When my kids were little, our days were centered around getting outside and moving our bodies. To be truthful, my first child had (and has) a ton of energy. When he was two, we spent many rainy days wandering the halls of the Museum of Natural History, and those wide marble staircases between floors provided him with endless exercises for balance and mobility. Fast forward 12 years to today, and an old fear of my children’s physical energy has revisited my life because of the pandemic. Sports practices and games and phys ed classes are all on hold, so their need for physical activity is back on my list of tasks. A few weeks back, I started to implement some new strategies to help my kids get active for my own self-preservation no less than for their physical and emotional well-being. Here is where I landed:
Be as flexible as possible. They weren’t going to just go the park and shoot baskets on their own, so I started adjusting my “working” hours, which I am fortunate to be able to do, to meet them after school. At 3:30pm, I would give them a choice of physical exercises from the serious to the silly. Whatever it was, they were going to get moving. I had to stop waiting for them to go play something…. It wasn’t happening until I made an adjustment and joined them.
Tolerate the push back. When my kids were little, they tended to be game for most things, especially if it meant going outside. I learned to live with (if not tolerate) the fights over shoes, and outfits, but once in the activity, they were usually up for whatever I otganized. Now, it’s a different type of push back from my budding teenagers: eye rolls accompanied by “I’m too tired!” or “Why do we have to…?”
I appreciate that these are just new forms of them exhibiting some control, which I have to remind myself (with clenched fists and grinding teeth) is developmentally appropriate. I know that the boundaries I set around getting them exercise during this time is just as important as getting them to eat and sleep. Their lack of socializing and activities that they love impacts their emotional well-being more acutely now, nine months into the pandemic. So, I am reminding myself of that when I set boundaries like, “You can go on House Party after you exercise…” it’s easier to tolerate the push back when I stick to my expectations and treat this as no different than the tantrums of their toddlerhood.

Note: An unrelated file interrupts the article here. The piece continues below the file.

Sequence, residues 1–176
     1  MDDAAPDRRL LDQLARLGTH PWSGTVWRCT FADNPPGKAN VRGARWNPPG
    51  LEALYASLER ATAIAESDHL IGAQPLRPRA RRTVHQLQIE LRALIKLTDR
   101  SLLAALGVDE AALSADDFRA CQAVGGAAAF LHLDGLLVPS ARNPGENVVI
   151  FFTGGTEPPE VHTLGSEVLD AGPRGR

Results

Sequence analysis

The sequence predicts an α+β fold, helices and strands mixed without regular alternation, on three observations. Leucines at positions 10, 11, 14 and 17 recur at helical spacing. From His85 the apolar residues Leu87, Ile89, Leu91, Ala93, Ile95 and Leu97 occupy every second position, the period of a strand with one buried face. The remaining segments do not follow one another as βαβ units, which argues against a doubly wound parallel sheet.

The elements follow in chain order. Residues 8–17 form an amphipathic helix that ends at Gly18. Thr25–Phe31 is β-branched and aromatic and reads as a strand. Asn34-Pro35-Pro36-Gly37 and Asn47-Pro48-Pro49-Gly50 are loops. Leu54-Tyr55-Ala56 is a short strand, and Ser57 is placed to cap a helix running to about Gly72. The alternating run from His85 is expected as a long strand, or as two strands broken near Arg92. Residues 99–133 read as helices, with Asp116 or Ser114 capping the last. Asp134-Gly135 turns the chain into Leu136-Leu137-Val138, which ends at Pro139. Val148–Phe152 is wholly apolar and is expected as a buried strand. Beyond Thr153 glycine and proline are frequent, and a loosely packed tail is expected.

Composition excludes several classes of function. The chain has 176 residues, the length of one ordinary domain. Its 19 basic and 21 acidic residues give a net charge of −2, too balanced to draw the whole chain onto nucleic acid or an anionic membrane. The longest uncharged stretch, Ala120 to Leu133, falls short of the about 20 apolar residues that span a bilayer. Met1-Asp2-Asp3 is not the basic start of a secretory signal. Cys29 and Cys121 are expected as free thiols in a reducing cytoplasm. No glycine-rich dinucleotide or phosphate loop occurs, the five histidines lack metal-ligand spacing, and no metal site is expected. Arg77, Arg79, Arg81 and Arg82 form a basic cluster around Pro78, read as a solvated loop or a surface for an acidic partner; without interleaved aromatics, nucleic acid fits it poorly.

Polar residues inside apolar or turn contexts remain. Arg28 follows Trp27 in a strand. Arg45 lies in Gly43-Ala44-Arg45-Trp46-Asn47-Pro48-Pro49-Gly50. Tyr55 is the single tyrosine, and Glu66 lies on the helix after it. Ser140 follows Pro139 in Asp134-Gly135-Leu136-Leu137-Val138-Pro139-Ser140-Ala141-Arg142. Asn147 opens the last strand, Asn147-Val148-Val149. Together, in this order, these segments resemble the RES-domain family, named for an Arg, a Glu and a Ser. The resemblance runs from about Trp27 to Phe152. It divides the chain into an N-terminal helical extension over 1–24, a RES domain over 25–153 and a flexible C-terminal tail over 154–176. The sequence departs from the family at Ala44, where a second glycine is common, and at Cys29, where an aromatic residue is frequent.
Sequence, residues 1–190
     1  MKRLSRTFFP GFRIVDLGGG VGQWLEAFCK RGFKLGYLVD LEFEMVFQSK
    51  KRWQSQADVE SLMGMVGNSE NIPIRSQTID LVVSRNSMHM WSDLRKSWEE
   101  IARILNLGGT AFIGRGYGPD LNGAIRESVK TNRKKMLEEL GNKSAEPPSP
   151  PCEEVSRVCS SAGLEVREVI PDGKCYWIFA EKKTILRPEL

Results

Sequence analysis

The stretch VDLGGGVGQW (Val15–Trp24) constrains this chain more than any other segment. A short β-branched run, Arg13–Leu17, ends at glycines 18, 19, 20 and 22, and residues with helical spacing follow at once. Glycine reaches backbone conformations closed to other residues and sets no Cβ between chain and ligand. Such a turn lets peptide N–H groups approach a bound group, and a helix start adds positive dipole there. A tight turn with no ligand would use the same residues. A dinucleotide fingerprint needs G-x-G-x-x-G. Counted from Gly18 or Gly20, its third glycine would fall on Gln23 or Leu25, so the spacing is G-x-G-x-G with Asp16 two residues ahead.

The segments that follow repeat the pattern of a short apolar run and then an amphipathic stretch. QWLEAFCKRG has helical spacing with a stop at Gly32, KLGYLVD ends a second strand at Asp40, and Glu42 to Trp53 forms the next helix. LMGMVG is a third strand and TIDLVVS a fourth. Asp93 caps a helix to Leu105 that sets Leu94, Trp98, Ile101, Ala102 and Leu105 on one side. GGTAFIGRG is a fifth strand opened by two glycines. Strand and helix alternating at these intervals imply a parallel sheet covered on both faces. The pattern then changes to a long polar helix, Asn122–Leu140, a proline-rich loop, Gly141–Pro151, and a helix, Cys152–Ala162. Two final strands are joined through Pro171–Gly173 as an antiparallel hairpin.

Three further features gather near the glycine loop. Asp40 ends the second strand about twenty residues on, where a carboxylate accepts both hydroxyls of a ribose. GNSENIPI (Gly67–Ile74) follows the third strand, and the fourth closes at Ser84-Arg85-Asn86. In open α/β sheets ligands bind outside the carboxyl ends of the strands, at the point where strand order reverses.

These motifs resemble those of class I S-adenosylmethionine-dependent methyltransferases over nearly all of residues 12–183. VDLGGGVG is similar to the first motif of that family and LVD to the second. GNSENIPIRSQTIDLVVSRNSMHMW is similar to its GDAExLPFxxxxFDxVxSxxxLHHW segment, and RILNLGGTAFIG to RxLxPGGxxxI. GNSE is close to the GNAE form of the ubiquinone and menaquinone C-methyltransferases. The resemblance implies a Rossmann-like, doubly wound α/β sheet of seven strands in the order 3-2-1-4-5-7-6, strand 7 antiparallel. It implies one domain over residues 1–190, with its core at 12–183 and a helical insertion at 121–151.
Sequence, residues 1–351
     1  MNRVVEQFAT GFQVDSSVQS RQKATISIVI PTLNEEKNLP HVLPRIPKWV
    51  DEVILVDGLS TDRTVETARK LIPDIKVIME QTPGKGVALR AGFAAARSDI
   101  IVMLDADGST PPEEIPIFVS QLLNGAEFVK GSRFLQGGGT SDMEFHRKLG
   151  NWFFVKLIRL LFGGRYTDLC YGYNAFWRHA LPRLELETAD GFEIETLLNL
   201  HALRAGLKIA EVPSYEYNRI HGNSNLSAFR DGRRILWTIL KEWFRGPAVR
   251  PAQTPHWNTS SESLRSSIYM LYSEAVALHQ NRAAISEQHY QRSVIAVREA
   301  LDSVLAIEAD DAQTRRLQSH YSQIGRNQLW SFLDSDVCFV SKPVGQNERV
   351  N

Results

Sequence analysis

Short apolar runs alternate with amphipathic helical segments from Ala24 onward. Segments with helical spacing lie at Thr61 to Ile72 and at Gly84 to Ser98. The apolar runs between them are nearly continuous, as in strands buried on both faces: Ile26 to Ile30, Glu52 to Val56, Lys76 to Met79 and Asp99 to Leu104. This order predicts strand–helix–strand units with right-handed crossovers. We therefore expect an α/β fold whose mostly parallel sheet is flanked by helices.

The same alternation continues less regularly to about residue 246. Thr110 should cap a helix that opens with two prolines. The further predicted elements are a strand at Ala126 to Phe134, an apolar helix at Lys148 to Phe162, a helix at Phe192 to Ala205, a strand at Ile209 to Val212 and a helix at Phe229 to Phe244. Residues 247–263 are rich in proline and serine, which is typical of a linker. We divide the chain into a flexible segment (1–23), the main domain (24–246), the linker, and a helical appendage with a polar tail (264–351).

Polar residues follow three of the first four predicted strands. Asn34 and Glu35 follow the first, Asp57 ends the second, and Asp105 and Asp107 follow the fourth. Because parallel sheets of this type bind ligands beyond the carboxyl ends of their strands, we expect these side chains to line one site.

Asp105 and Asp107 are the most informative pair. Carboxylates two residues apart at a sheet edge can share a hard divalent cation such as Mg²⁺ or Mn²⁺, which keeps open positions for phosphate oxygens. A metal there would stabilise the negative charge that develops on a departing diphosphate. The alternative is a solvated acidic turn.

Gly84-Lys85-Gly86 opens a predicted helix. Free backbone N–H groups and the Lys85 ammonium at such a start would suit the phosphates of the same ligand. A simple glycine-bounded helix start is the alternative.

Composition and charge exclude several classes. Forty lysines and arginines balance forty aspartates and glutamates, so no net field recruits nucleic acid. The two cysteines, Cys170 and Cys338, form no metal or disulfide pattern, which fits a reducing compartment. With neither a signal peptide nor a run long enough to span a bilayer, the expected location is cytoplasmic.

Get creative and get involved. At Dynamo Girl, all our coaches play when they coach because we know that it increases the “fun factor” when all the adults are playing. When Vanessa and I are leading a game of Team Handball, we are dripping in sweat and laughing while playing an intense game with our class of girls. In the last few weeks in my house, we’ve turned our dinner table into a ping pong table with a moveable net. Is it regulation size? Not even close. Was it super fun during lunch on an @home day for school? You bet, and we’re still using it during Winter Break. During the pandemic, I have been a soccer goalie, free throw rebounder, and the frisbee catcher. I have hit tennis balls to my kids across a field to see how many pop ups he can catch. Whatever it is, my kids seem to have more fun when I am having fun along with them.
Lead by example. Ok, I will admit it, I hate exercising just for the sake of exercise. I need a purpose beyond just working up a sweat. My high school coach would say, “Draddy is a terrible practice player.” I love working at a camp so much because I get to join kids’ activities. No surprise that when I look at my personal exercise routine from March to now… let’s just say, it’s been less than inspiring. But when I am asking my kids to exercise because I know what exercise does for stress, my own exercise routine has greater meaning. Whether it’s going on a long walk (my favorite thing to do in NYC), getting on my bike, or joining an online pilates class, I know that my kids’ seeing me move my body makes it easier to set the weekly expectations around their exercise.
Pull them in. Having a list of activities has helped my kids get interested in exercising. My current list for winter break includes: running races (making it fun, timing sprints or fake hurdles, etc), online yoga class together, biking (indoors or outside), using a tennis wall in the park, going for a catch (baseball, softball, or frisbee), playing CanJam and Frisbee golf, sledding,strength training as a family, online dance class, pickleball (a recent favorite of ours).
All kids need a sense of agency, so giving them a voice in making the list is a great idea. You may be surprised what they come up with. And mixing in a well-considered surprise now and then keeps them on their toes. As always, we love to hear what you all are playing. Is there a game your family likes to do that meets both the emotional and physical needs of your kids?